(In a shocking turn of events, St. Pierre announces that he will be retiring from MMA to replace A.J. Pierzynski’s catcher’s mitt in the 2014 season. Photo via Esther Lin/MMAFighting.)

As it has been ever since UFC 167, the MMA blogosphere is currently abuzz with speculation regarding the future of welterweight kingpin Georges St. Pierre. Amidst (hopefully) false rumors pertaining to his father’s illness, an unplanned pregnancy, and a multi-million dollar lawsuit with his former manager, St. Pierre announced his semi-retirement from the sport immediately following his controversial split decision win over Johny Hendricks, only to be buried by Dana White for having the gall to worry about his own health and personal life thereafter.

According to the Journal de Montreal, St. Pierre plans on holding a press conference this Friday to address his future in the UFC and clear the air regarding the multitude of rumors surrounding him. But being that sports journalism thrives on speculation, we’ve decided to go ahead and predict the four most likely reasons for GSP’s upcoming presser, as well as what the MMA world will be facing come Saturday morning.

Scenario #1:  Retirement

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With GSP’s Future in Question, Jon Jones Has Inherited the UFC Throne


(Highlights from Jon Jones’s Q&A at the Gentlemen’s Expo in Toronto. Subscribe to CagePotato’s YouTube channel right here.)

By Brian J. D’Souza

“Will he?” “Won’t he?” The talk since UFC 167 has been centered around the potential retirement of UFC welterweight champion Georges St-Pierre. GSP’s face showed superficial damage following his split-decision win against Johny Hendricks, but more seriously, he absorbed the kind of blows that rattle the brain around the skull with life-altering consequences.

Even if St-Pierre returns to the octagon, the twin realities of declining motivation and the onset of age could see his legacy tarnished the same way Roy Jones Jr. forever damaged his reputation by continuing to box after appearing diminished in beating Antonio Tarver by majority decision in 2003.

Major pay-per-view draws like GSP and Anderson Silva simply cannot fight forever. When they try to continue past their prime, as BJ Penn insists on doing, it can hurt their drawing power. The UFC relies on stars who can captivate audience interest and raise the stakes, and right now the safe money for a dominant champ to rejuvenate the UFC’s fortunes is on light heavyweight champion Jon “Bones” Jones.

Jones was recently in Toronto last weekend to speak at The Gentleman’s Expo, where he was interviewed by Sportsnet’s Joe Ferraro. Jones made headlines by continuing to insist he wanted to face UFC heavyweight champion Cain Velasquez, saying “I think that’s going to happen in the next two years, I’ll go up to heavyweight permanently…I’ve been really thinking about me and Cain Velasquez going at it, and I think it’d be huge for the sport.”

In terms of public relations, Jones has been walking a tightrope, dealing with hyper-critical fans and the venomous Zuffa brass over various incidents ranging from speaking gaffes to the cancellation of UFC 151 to incurring a DUI while wrapping his Bentley around a telephone pole. The bottom line for Zuffa is simple — Jones is an asset for consistently bringing in solid pay-per-view numbers, but he needs to play the game and allow Zuffa to dictate the strategy.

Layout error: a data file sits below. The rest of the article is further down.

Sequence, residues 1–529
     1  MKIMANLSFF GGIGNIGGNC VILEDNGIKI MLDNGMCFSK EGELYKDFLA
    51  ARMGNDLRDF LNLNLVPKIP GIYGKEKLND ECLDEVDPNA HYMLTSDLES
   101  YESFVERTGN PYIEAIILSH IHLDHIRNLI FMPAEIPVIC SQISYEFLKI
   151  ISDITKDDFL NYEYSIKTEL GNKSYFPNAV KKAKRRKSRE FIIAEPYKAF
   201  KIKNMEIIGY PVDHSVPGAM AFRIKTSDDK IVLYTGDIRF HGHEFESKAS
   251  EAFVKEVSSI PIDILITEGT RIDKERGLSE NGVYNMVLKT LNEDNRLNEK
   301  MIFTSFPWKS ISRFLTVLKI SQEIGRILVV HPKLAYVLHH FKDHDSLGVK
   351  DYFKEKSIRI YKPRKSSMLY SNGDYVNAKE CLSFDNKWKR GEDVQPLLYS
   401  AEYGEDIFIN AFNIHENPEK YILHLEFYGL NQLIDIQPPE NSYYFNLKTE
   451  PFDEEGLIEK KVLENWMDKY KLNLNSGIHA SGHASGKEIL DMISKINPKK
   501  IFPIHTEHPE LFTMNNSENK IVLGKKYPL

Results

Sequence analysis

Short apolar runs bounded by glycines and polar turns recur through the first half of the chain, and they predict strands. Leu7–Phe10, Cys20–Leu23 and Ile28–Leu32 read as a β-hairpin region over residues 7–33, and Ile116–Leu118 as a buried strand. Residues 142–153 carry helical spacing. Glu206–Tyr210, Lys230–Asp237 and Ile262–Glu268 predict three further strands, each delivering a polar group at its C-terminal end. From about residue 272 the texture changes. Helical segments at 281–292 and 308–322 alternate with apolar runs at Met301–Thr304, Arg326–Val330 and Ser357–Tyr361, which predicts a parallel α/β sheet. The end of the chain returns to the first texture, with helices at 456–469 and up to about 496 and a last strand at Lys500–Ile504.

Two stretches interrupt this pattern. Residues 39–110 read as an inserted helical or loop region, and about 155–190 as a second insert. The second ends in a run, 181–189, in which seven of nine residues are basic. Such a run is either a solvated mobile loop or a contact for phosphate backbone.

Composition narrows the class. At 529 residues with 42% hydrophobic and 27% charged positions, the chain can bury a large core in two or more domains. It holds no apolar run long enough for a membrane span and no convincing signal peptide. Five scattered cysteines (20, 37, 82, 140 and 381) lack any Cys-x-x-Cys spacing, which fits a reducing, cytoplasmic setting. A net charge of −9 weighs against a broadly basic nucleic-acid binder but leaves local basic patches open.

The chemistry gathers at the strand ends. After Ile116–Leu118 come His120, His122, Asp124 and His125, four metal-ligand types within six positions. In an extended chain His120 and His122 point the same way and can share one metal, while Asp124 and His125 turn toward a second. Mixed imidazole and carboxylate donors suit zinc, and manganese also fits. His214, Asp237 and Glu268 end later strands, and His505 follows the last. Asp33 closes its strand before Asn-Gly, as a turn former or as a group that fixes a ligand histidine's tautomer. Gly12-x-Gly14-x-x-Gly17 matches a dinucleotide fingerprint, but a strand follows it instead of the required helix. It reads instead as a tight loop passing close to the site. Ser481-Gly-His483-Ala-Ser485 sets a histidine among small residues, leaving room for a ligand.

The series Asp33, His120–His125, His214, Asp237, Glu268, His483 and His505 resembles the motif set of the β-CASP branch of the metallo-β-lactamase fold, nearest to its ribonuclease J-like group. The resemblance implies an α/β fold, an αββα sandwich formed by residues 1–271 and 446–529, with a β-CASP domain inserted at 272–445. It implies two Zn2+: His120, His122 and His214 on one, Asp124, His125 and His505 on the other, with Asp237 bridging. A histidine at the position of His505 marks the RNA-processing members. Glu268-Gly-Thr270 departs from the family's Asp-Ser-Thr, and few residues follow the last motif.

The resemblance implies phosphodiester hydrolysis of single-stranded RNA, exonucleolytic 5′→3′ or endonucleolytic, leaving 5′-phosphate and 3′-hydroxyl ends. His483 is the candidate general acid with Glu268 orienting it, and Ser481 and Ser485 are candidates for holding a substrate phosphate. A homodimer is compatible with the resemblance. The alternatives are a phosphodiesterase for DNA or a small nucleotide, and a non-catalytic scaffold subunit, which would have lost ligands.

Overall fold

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Lorenzo Fertitta Walks Back Dana White’s Burial of Georges St-Pierre: “GSP Doesn’t Owe Us Anything”


(He’s smart, well-spoken, and he always wipes down his machines. What’s not to like about this guy?)

Watching Lorenzo Fertitta do interviews is like getting a glimpse into a utopian alternate-universe in which the president of the UFC wasn’t a petulant spaz whose first response to any criticism is to call you a pussy. Fertitta is an adult, and as such, he occasionally has to clean up the messes left behind by his minority partner. Here’s what the Zuffa Chairman/CEO had to say yesterday to Ariel Helwani, regarding Dana White’s now-infamous rant about what Georges St-Pierre “owes” the UFC following last weekend’s fight against Johny Hendricks:

I think Dana was misunderstood and hopefully he’s trying to clarify that. GSP doesn’t owe us anything. If he chooses to retire, then so be it, he’ll retire and become someone that people will always look up to as one of the great champions in the UFC. If he decides to fight again, then great. I think where the confusion was, Georges never communicated anything to us prior to the fight relative to that he may be making an announcement. In fact, I think Dana said that he had talked to him and he said ‘no no no, everything’s fine.’

And then after the fight, the announcement he made was very vague. And I think what Dana was trying to say was that either you’re retired or you’re not, right? We can’t just put the UFC belt on the shelf for an undefined period, basically put it in limbo forever, because that’s not fair to the contenders that have been working their whole lifetime to get the opportunity to get the belt. It’s not fair to the fans to have the title sit on the side for too long. And it’s not fair to us as a company because we wouldn’t be able to plan. I think that’s what the message was meant to be, but I think unfortunately the press took it in a different way.

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CagePotato PSA: Dear MMA Media, Stop Asking for Dana White’s Opinion on Every Last Goddamn Subject


(“You know what, I *would* like to address what @sk8rdood45 said about this matchup. You tell @sk8rdouche that he and his 22 followers can all go f*ck themselves! Good question, Ariel.” Photo via Getty.)

Do me a favor. Head over to any one of the “serious” or “unbiased” or “professional” MMA sites you visit IN ADDITION TO CagePotato on a regular basis and scan through the headlines. There are plenty of options to choose from.